You can’t be overtly racist anymore. So to express their hatred and intolerance, racists have resorted to a kind of code. You substitute more generally accepted words for the ones you can’t use.
An example of crypto-racism in on display in Dr. Mel Fein’s most recent MDJ column. In it, the sociology professor from Kennesaw State University lashes out at poor people, just in time for Thanksgiving. He uses the word “poor” in place of black, but his message comes through loud and clear.
So completely repugnant and prejudiced are his opinions, they invite translation:
“The fact that the poor are frequently the authors of their own misery is indeed a painful truth,” Fein begins.
This is scarcely a novel observation. It of course overlooks the cycle of poverty that keeps the poor/blacks where they are. They have made great strides in breaking the cycle in other developed nations by providing job training, child care, access to reproductive education and healthcare services, quality education and after school programs, drug and alcohol counseling and other significant social services, but Fein doesn’t want to discuss or advocate those advancements. He’d rather blame the victim.
“(T)he vast majority are too disorganized to make such efforts (to start businesses),” scoffs Fein.
When he says “disorganized” Fein actually means “lazy.” As in most all of his columns, Fein doesn’t employ research or statistics to support this argument. He just repeats a threadbare stereotype about poor/black people.
“(T)he poor, even if they have insurance, often do not seek help. Doctors, whom they regard as of a higher class, make them uncomfortable. As a result, even when they have Medicaid, they tend to stay home,” Fein baselessly declares.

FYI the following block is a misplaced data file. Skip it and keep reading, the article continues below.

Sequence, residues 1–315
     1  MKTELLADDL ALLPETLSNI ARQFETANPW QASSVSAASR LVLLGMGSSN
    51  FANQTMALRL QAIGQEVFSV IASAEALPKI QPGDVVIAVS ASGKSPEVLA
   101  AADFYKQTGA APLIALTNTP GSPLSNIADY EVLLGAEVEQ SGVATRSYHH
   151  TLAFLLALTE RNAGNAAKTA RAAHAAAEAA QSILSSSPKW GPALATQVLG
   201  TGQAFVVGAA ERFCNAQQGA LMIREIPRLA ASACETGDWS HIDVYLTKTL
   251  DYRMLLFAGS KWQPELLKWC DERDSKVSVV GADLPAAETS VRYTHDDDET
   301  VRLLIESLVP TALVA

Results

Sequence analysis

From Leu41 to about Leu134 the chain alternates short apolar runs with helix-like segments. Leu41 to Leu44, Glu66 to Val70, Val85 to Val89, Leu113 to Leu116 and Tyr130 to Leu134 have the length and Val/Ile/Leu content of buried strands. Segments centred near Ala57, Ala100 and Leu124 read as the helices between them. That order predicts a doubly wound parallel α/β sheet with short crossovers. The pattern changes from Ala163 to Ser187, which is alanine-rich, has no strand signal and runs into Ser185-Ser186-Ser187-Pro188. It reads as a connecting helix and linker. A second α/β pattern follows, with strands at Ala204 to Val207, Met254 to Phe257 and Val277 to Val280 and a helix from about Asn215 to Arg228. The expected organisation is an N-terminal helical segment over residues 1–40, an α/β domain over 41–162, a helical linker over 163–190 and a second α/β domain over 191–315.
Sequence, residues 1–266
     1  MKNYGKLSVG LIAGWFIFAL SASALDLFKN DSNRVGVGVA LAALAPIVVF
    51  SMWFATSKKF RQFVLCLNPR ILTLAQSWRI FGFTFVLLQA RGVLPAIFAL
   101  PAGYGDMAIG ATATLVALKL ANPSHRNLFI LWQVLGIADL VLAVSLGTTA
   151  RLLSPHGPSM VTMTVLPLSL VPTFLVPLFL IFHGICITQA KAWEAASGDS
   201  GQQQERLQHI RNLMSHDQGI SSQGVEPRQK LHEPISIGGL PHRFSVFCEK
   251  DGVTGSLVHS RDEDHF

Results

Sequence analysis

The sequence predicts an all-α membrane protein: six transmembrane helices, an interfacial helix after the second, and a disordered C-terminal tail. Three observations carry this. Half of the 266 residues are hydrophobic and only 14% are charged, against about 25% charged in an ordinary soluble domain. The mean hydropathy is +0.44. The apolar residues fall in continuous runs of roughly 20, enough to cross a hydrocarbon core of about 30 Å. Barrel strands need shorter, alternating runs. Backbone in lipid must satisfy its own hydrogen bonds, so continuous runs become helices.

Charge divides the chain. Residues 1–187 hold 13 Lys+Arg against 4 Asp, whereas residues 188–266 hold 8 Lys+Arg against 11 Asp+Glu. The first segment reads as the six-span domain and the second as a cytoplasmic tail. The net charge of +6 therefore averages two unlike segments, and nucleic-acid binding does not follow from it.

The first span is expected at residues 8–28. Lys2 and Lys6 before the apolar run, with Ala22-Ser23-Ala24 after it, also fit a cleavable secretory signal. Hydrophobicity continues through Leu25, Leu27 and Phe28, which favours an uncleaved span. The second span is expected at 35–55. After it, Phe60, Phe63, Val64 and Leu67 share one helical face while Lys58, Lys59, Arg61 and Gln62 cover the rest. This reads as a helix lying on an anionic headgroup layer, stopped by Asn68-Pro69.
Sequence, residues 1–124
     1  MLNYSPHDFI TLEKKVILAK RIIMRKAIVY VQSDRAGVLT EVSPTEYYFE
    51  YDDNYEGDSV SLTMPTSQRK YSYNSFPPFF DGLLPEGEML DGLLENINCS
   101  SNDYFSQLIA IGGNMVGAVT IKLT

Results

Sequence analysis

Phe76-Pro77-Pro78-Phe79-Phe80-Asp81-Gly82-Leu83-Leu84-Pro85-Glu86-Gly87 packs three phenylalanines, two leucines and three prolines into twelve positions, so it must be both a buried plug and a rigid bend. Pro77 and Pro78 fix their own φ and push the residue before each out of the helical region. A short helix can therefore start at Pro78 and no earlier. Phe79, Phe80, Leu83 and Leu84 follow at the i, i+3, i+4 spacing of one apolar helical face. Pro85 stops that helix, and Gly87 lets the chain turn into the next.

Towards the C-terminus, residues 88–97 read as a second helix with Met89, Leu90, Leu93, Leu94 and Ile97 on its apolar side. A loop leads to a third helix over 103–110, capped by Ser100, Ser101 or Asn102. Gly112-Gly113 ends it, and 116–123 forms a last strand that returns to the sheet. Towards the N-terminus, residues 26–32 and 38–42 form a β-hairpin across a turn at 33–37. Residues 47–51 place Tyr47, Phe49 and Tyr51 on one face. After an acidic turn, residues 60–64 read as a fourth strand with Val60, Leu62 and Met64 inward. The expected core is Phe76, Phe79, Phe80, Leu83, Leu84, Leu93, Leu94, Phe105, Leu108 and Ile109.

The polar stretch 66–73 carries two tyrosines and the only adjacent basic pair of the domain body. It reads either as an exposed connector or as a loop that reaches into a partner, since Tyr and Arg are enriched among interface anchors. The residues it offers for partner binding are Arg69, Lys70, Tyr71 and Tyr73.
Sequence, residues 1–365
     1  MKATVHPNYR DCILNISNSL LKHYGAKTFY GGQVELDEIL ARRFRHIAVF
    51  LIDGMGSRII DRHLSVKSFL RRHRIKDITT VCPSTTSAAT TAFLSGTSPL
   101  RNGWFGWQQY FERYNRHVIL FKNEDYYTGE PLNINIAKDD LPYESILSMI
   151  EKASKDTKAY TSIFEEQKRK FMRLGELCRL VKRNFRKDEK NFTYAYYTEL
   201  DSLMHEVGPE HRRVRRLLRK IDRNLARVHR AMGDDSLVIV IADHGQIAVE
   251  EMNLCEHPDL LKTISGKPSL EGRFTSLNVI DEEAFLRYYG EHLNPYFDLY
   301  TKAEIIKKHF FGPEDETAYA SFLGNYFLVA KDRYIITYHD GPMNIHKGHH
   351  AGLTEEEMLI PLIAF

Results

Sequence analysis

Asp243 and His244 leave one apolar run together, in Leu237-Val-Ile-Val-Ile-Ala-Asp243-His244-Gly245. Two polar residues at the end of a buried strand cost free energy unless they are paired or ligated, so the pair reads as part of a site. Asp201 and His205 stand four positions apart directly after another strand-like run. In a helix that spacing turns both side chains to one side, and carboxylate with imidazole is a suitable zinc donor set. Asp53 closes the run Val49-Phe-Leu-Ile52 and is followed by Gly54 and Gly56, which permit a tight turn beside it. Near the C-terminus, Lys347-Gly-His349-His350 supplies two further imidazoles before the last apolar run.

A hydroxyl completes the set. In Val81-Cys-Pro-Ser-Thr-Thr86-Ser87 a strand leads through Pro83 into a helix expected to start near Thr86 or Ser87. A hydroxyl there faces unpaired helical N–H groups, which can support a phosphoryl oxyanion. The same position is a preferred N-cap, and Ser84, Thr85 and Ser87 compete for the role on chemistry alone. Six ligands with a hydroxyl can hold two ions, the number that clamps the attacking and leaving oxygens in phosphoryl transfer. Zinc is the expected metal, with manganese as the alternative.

Now Fein suggests that poor/black people have an instinctual inferiority complex that prevents them from seeking medical help when they are sick. Fein is apparently unaware of the multitudes of poor/black people showing up at free clinics nor does he have any data on the number of poor/black people not using their Medicaid benefits.
"(W)hen they do see a physician, they are inarticulate when explaining their symptoms. Both intimidated by the doctor and generally inartful in expressing themselves, they make poor reporters of their own conditions. But since self-reports are a physician’s primary means of initiating a good diagnosis, understanding what is wrong becomes problematic,” says the professor.
This passage is not only fact-free, it’s transparently racist. No translation is necessary.
“(T)he poor don’t enjoy being pushed around (and rich white people do?) — by anyone, and that includes doctors. As a result, they are less apt to follow medical directions. Perhaps they do not get off their feet when so advised or they refuse to take a prescribed medication,”
Fein deploys a stunning generalization to make his baseless point: Poor/black people are “uppity” when being told what medication to take and how to use it because they “don’t enjoy being pushed around.”
“(T)he poor…drink too much, smoke too much, and eat too unwholesomely. Oddly, most do not even exercise sufficiently,” Fein concludes.
The professor is oddly ignorant that the same statement could be applied to many Americans, regardless of their ethnicity or economic status. But we already know what he really means and who he’s really talking about.
Dr. Fein ‘s crypto-racist opinions are appalling and mean spirited, borne of ignorance and personal bias. He’d do well to just keep his nasty opinions to himself and not besmirch his university any further.